I attempted to observe comet Neowise this morning, rising at 3:30am and hiking two miles to a place I hoped would provide a clear horizon in order to view and photograph the comet.  Unfortunately, clouds from the previous evening’s storms obscured the area I anticipated seeing the comet, yet Venus was clearly visible.  Although disappointed, I listened to the beautiful twilight desert chorus crescendo as the sun rose.  Owls and nighthawks flew past as quail and doves scurried and cooed.  I was perched on granite boulders watching as the sky revealed a palette of pinks and blues, whereupon I heard the faint but distinct rattle somewhere below me.  I can’t think of any other sound that quickly grabs ones attention from the tranquility of the desert. Nature’s alarm clock that it was time to hike back home. Will try again tomorrow morning for a glimpse of Neowise but probably from a different location.

Now, to see the “reveal” of the rattlesnake in the top photo, click “read more”: Continue reading “Spot the rattlesnake!”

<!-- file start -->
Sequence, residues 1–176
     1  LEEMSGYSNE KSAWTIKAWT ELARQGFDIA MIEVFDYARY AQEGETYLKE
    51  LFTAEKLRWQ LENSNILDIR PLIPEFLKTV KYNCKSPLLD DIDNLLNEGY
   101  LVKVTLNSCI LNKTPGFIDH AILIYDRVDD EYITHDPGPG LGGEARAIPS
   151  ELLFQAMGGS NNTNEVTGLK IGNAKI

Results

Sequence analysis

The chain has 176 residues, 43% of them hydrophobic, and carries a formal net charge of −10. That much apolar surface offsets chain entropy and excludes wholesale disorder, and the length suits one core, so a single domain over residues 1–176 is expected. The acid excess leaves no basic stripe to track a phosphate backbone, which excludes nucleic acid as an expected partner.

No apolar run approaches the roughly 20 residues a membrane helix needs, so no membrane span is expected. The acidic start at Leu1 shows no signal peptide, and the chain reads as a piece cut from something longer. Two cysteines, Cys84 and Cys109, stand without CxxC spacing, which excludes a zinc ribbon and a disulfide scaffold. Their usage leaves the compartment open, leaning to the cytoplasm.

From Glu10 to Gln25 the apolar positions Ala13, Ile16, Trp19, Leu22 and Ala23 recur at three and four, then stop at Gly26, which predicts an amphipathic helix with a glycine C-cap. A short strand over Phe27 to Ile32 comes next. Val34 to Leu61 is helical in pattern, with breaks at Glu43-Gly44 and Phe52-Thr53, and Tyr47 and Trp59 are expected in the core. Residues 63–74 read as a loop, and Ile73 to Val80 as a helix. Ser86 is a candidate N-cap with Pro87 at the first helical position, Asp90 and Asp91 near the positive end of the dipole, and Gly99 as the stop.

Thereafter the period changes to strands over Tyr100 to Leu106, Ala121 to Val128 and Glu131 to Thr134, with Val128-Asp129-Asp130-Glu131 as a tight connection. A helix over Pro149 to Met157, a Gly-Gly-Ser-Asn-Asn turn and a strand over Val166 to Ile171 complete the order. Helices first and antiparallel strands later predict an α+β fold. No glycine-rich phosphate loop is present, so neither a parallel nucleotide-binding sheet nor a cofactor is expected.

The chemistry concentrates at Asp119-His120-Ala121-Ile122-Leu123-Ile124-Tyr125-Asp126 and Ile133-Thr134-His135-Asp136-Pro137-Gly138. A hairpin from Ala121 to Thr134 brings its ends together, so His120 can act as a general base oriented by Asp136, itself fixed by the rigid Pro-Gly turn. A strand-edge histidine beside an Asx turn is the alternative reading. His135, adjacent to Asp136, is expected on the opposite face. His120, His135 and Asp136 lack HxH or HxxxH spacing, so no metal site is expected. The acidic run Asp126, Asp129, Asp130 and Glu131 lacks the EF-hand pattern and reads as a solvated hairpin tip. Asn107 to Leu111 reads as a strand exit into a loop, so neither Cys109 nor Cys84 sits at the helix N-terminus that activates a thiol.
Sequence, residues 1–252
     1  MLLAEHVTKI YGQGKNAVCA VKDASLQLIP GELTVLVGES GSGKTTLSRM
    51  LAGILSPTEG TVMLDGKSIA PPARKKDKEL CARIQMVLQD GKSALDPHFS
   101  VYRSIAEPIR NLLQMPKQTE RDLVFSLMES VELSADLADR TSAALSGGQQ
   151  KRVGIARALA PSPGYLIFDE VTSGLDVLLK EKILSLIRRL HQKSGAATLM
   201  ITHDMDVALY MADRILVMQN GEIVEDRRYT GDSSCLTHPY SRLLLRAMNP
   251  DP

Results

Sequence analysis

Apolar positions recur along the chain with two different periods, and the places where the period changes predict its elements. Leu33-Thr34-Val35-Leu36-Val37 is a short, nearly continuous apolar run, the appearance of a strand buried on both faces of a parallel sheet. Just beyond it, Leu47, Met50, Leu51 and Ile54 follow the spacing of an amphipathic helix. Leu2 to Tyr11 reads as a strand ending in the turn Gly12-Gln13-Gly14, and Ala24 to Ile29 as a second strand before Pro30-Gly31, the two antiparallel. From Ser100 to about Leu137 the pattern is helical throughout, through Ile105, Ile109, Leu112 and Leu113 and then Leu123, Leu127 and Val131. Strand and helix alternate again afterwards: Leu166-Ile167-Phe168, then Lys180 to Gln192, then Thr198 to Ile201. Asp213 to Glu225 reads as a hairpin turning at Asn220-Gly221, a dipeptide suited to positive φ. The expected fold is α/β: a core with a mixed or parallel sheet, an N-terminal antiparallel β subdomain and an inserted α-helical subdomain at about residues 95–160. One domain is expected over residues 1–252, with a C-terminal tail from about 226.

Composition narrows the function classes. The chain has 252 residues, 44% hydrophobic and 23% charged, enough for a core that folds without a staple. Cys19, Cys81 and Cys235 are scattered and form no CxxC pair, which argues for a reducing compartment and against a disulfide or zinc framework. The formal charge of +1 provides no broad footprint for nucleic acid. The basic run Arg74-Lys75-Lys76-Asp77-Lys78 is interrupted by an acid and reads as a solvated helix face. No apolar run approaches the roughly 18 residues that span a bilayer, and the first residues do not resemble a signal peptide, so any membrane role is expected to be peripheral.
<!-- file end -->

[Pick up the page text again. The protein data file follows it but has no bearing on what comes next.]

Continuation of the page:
Readers’ wildlife photos

Send in your pictures, I implore you! We’re already out of “photos of readers”, and I’d hate to ditch two features.

Today we have wildlife photos from two readers. First up is Roger Sorensen. (All readers’ captions are indented):

Two photos taken at the Sherburne National Wildlife Refuge, east-central MN, of the Common eastern bumblebee (Bombus impatiens), first foraging on Purple prairie clover (Dalea purpurea) and second, foraging on Lead Plant (Amorpha canescens)

And the next batch comes from Rachel Sperling.

Here are a few photos from some of my recent hikes around New England. First up is a Milbert’s tortoiseshell butterfly (Anglais milberti), which I spotted – along with the rest of the butterflies in this post – in a field near the summit of Mount Ellen in Warren, Vermont.

Next up is a Baltimore checkerspot (Euphydryas phaeton) on what I think is Orange hawkweed (Hieracium aurantiacum).